Leonardo da Vinci (1452-1519) - The Last Supper (1495-1498)

Convent of Santa Maria delle Grazie, Milan, Italy

Thursday, April 9, 2009

Distinction Defied

Am I seen by my pain
Am I seen by my joy
Am I known by what I do
Am I known by what I feel
What am I to the beholder
Perceived by what lens
Colored by what filter
Known by what light
Image - Illusion
Illusion - Image
Distinction defied
Being Is and I Am
This moment of eternity
And transient is each judgment.

Rose Marie Raccioppi

Distinction Defied, Rose Marie Raccioppi, THE WIND AND THE WILLOW, Publish America, 2008.

Girl at Mirror, Norman Rockwell (1894-1978), 1954, The Saturday Evening Post, March 6, 1954 (cover) Oil on canvas, The Norman Rockwell Museum at Stockbridge (Massachusetts).

Wednesday, April 8, 2009

The Wind and The Willow

The Wind
all pervading
one with all direction
The Willow
rooted ever in search
branch and leaf so humbly bend
holding to the wind
the light
and the unseen Presence
Wind and Willow, so I am
thought, mind and spirit
all pervading
one with all direction
holding to the unseen Presence.

Rose Marie Raccioppi

THE WIND AND THE WILLOW, Rose Marie Raccioppi, Publish America, 2008.

Tuesday, April 7, 2009

The Charm Carver

The Charm Carver of which Madeline tells
I heed his words so very well
Of time and people he does speak
Of dreams and hopes they do seek
He looks deep within each heart
And from there his charm has its start
The magic and mystery of each one's way
A charm he carves to convey
A heart to open, a soul to heal
Love be known and newly real
The Charm Carver's word I to hold
Within 'tis my very story told
A charm he carves and makes it mine
And known is the glory of the sublime.

Rose Marie Raccioppi

"And in the days that followed he filled me with the wonder of his world, and answered questions that rose in me like steam from a simmering pot. And when he had carved his last and rowed back out to sea, my eyes saw then a different world and my soul became filled with new beginnings."

"Gazing In" from The Charm Carver, David Shuch
, Integrative Arts Press, 2005.

The Bench by the Sea, Eyre Crowe, English, 1824-1910, Oil, Exhibited: Royal Academy, 1872.

Monday, April 6, 2009


Solitude, this quiet of God's grace
These echoes of thought
The resounding stillness of soul
The gathering of time
The heart now known
Within this silence, the Word
Within this darkness, the vision
Within this chamber of God I dwell.

Rose Marie Raccioppi

Solitude, THE WIND AND THE WILLOW, Rose Marie Raccioppi, Publish America, 2008

Solitude, Lord Frederic Leighton, English, 1830-1896, Oil on canvas, c. 1890, Maryhill Museum of Art Washington, USA

Sunday, April 5, 2009

A Tribute to the Amasi Trio

Heed Wise The Muse

Heed wise the Muse, your counsel of soul
God’s blessings to mark your goal
Another’s time and glory
And now ‘tis my story
Others have walked in the sun
My time has now just begun
Words of knowing within my heart
From this joy I shall newly start
Another’s creation in celebration
And I God’s eternal revelation
The plea from grace now known
I in gratitude for creation shown
The sculptor’s hand
In God’s command
Line and form to reveal
God’s beauty constant and real
Spectrum of color from a palette divine
Immortal the quest this moment be mine
The artist’s unveiling, the poet’s word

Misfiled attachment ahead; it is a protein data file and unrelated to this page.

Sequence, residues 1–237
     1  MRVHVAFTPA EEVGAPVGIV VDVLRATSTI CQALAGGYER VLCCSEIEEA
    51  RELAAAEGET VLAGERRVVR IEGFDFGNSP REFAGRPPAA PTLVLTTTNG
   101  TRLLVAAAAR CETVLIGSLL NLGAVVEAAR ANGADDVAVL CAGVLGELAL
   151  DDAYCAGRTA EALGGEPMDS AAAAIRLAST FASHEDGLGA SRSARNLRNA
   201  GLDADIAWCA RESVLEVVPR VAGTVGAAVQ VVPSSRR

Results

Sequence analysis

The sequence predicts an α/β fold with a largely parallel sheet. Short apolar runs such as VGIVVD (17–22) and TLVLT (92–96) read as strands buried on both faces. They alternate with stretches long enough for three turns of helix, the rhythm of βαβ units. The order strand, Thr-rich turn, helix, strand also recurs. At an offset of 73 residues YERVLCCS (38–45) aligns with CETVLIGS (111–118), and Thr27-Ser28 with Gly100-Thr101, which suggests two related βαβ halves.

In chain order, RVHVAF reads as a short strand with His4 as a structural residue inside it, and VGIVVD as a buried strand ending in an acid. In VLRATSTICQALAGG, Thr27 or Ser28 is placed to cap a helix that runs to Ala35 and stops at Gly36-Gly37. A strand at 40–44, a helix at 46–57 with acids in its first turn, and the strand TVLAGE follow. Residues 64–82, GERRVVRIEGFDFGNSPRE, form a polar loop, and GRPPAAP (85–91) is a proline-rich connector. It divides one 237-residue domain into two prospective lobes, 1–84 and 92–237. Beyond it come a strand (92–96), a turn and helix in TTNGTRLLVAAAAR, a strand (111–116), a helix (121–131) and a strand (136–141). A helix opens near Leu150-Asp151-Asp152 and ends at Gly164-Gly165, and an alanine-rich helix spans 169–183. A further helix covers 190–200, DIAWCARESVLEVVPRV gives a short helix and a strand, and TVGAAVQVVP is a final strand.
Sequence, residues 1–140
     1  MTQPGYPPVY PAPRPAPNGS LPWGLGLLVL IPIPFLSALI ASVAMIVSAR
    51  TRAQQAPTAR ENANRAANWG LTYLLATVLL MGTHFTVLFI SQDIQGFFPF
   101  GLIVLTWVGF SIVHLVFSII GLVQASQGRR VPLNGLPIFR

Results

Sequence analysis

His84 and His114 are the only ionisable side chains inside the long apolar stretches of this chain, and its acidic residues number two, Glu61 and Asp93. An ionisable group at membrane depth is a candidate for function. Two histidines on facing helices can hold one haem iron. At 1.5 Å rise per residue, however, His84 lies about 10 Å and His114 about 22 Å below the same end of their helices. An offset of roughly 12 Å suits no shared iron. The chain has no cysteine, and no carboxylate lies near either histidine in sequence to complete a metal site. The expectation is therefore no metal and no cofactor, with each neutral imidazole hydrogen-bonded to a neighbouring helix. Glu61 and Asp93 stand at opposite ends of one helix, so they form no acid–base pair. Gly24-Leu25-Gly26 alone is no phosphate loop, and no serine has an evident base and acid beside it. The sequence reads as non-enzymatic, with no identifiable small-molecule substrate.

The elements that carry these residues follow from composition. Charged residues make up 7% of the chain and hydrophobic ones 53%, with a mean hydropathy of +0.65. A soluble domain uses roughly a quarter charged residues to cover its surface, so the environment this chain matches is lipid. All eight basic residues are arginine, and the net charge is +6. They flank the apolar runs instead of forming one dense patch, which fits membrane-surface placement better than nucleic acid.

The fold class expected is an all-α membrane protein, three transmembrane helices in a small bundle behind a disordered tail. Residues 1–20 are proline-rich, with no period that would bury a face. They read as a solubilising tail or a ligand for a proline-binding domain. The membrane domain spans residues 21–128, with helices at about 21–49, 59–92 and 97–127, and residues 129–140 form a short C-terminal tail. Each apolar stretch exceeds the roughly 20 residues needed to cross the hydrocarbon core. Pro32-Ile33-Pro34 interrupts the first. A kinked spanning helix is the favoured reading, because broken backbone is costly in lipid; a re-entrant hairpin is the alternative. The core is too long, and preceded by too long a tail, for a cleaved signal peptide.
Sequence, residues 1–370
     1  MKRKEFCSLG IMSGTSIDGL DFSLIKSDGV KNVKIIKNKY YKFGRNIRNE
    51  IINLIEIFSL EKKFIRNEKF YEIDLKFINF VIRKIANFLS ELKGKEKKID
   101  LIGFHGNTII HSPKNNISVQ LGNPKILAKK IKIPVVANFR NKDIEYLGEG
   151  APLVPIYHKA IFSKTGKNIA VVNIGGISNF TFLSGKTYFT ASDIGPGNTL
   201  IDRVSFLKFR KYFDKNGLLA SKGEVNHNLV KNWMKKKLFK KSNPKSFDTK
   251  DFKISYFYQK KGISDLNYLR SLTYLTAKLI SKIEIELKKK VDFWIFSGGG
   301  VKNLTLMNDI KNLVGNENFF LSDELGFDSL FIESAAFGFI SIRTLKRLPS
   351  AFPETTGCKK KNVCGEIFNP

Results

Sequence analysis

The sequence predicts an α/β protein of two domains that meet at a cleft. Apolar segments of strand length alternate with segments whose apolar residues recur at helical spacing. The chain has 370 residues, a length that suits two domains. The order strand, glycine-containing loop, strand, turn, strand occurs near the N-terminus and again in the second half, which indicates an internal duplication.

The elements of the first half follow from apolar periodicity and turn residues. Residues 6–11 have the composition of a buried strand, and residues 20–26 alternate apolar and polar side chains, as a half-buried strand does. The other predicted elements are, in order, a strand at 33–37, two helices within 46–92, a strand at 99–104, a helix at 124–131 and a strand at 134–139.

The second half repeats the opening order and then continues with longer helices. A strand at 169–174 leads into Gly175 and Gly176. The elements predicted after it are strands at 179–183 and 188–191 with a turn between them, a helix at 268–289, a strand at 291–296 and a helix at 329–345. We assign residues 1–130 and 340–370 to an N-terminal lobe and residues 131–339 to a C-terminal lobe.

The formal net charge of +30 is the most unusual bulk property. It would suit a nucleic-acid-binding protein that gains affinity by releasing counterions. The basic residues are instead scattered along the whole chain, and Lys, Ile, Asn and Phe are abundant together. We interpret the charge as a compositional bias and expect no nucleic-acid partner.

And the music, the music, to be ever heard
Heed wise the Muse, your counsel of soul
God’s blessings to mark your goal.

Rose Marie Raccioppi

Poet Laureate

A Tribute to the Amasi Trio
Nyack College Trio in Residence

Sungrai Sohn, violin
Chungsun Kim, cello
Tammy Lum, piano

For an Outstanding Performance of

Felix Mendelssohn
Paul Liljestrand
Sergei Rachmaninoff
Astor Piazzolla

April 4, 2009

Soiree Society of the Arts
South Nyack Recital Series
Carnegie Room

Self-Portrait Hesitating Between Painting and Music, Angelica Kauffman, (1741-1807), 1791.

Pebbles by the Sea

Shapes of pebbles so random be
Of earth, brook, lake, river and sea
Seen and felt with hand and heart
Query posed from where you did start
Was it a mountain high and vast
From which you were newly cast
Pebbles now I to hold
And held are stories yet to be told.

Rose Marie Raccioppi

Greek Girls Picking up Pebbles by the Sea, Lord Frederic Leighton, English, 1830-1896, Oil on canvas, 1871.

Saturday, April 4, 2009

His Love His Need

Barren of purpose and plan
And in anguish the heart of man
Suppress not life and a loving soul
Lest you banish man from his destined goal
Know what you choose to say and do
May with a child hold back a vision new
The child knows and so deeply does care
Hurt shall he feel from that angry stare
Hold not in suppressive submission confined
Leave not shadows and scars upon spirit and mind
With loving respect and a kindly creed
Honor his love his need.

Rose Marie Raccioppi

His Love His Need, THE WIND AND THE WILLOW, Rose Marie Raccioppi, Publish America, 2008.

George Ericson, a.k.a. Eugene Iverd (1893-1936), Young Scientist, 1932, oil on canvas, Collection: Erie Art Museum, Erie, PA

Friday, April 3, 2009

The Song of the Lark

The winsome song of the ascending lark
Hails the gentle soul and loving heart
Ever heard in silence sweet
Soul and heart in grace do meet.

Rose Marie Raccioppi

The Song of the Lark, Jules Adolphe Breton, French, 1827-1906, oil on canvas, 1884, The Art Institue of Chicago, Henry Field Memorial Collection.

Thursday, April 2, 2009

Teach the WAY

Teach the WAY of the page
And known be the WORD.

Rose Marie Raccioppi

Sacra Famiglia con san Giovannino, Bartolomeo Schedoni (1578-1615), ca 1610, Oil on wood
33.8 x 28.2 cm., Ashmolean Museum, Oxford

Wednesday, April 1, 2009

The Poet’s Pulse

The cadent throbbing silent and heard
The pulsing hidden and seen
Emotions held and free
The panting of the poet’s palette
Words of color, hue, mood and timbre
Sonorous images of light
Orchestrated upon the page
So tolls the poet’s pulse.

Rose Marie Raccioppi

Calliope, Muse of Poetry, Roman, 2nd Century A.D., Hadrianic period